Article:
Frank Race is a favorite of mine, and truly had the best use of an organ in a detective show. It’s really stirring.

Three that I’m not sure of are Bulldog Drummond and A.I. Moto. Bulldog Drummond seems to just not connect with me. A.I. Moto is okay, but it feels like it’s a spy show rather than a detective show. And Bold Venture feels more like an adventure show than a detective show.

Non-Detective Shows

The Family Theater (a show made on the premise of the importance of family prayer and showcasing episodes about faith and family)…Simply incredible. Really, beautifully put together family drama. Don’t want to listen to those in a public place. A grown man shouldn’t be walking around with tears running down his face.

Greatest Story Ever Told (stories from the life of Christ and stories that kinda could have happened)…This show’s okay, though I think some of the messages end up a little more ham-handed than Family Theater and their addition of extra-biblical details is hit and miss.

You Are There (A CBS News show doing radio news broadcast re-enactments of history): Simply awesome. I found this show stunning.  I’ve listened to a couple episodes, one about the passage of the Declaration of Independence and one providing news coverage of the shooting of Abraham Lincoln. They really took you back.  I was really emotionally moved by the Lincoln episode. My wife asked me what was going on. I told her I was listening to information about the assination of the President.  And had to clarify, it was Lincoln, not Obama I was hearing about.  This is an educational experience that really takes you THERE.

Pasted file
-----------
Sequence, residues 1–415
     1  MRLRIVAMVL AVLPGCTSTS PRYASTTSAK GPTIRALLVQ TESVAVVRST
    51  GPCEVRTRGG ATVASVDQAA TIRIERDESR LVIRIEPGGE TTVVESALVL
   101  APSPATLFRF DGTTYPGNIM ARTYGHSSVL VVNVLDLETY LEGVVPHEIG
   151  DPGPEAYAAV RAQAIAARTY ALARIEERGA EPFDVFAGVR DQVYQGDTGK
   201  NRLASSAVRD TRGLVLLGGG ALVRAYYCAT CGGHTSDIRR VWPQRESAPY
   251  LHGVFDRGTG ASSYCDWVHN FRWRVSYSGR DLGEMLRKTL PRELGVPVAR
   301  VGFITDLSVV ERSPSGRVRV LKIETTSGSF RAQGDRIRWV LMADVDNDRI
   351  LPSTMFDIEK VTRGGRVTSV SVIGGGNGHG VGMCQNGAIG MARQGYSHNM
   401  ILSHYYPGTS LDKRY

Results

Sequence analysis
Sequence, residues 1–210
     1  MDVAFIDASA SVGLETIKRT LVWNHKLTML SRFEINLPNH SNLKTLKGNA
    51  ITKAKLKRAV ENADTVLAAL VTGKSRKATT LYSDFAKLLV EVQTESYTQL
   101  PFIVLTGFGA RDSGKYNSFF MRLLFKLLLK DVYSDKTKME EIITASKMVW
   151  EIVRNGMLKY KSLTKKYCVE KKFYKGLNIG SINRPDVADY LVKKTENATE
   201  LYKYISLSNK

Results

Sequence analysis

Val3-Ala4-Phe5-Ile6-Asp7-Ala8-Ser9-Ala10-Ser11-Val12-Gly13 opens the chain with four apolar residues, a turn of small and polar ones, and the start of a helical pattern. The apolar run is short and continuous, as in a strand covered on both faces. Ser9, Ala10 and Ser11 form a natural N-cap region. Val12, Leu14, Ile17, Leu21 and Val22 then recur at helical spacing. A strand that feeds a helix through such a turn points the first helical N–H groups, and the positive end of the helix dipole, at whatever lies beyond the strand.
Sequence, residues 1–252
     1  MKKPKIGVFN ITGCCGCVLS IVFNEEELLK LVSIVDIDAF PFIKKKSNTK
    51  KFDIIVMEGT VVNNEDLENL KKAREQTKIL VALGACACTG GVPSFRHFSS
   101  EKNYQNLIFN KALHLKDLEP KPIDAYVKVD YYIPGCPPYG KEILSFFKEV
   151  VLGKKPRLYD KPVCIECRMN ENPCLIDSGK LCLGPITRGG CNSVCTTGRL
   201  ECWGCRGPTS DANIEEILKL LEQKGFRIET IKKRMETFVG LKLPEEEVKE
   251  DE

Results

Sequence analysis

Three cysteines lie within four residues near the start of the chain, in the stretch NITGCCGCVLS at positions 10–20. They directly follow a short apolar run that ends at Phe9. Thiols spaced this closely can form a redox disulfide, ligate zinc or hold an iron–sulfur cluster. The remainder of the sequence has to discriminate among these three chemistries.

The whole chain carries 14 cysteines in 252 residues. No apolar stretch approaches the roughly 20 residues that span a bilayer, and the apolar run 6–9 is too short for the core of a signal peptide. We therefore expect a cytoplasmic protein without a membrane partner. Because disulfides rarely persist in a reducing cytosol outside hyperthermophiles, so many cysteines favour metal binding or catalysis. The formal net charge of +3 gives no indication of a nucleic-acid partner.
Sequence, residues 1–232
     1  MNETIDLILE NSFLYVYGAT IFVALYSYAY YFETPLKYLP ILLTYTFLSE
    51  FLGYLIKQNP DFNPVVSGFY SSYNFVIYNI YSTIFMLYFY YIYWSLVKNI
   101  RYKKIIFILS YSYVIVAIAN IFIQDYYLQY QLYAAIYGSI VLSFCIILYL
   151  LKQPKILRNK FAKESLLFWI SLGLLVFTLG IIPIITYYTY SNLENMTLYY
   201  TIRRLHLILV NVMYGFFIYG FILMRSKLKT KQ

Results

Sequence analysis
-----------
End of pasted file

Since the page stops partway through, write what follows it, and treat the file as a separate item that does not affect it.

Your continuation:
Life with Luigi: This is a really sweet comedy series about the little immigrant coming to America, and his experiences. I loved this show.

Couple Next Door: A late 1950s fifteen minute show with more than 700 episodes. Don’t know quite how I felt about it. The first episode didn’t tickle my funny bone, but maybe I’ll take anothe rlisten.

Abbott and Costello: I listened to an episode where Abbott actually lost his place. Costello said, “Hey Abbott, what page are you on?” Those guys were a hoot.

Horatio Hornblower: I like this show, even though I find myself having mixed feelings about the protagonist. This is the first old time radio show I’ve found that actually had swearing in it (though relatively mild.)  and nudity (though that’s not much of an issue over the radio.)  Horatio Hornblower is imperfect and insecure, but a good man who’s got an often-unpleasant job to do. The sea battles are fairly realistic, but you have to use your imagination. This radio show definitely helps.

Finally, I have listened to more of the Shadow. Some of the shows are detective shows, others are more superhero stuff. It’s all fun listening. I do think that Orson Welles was truly the best Shadow.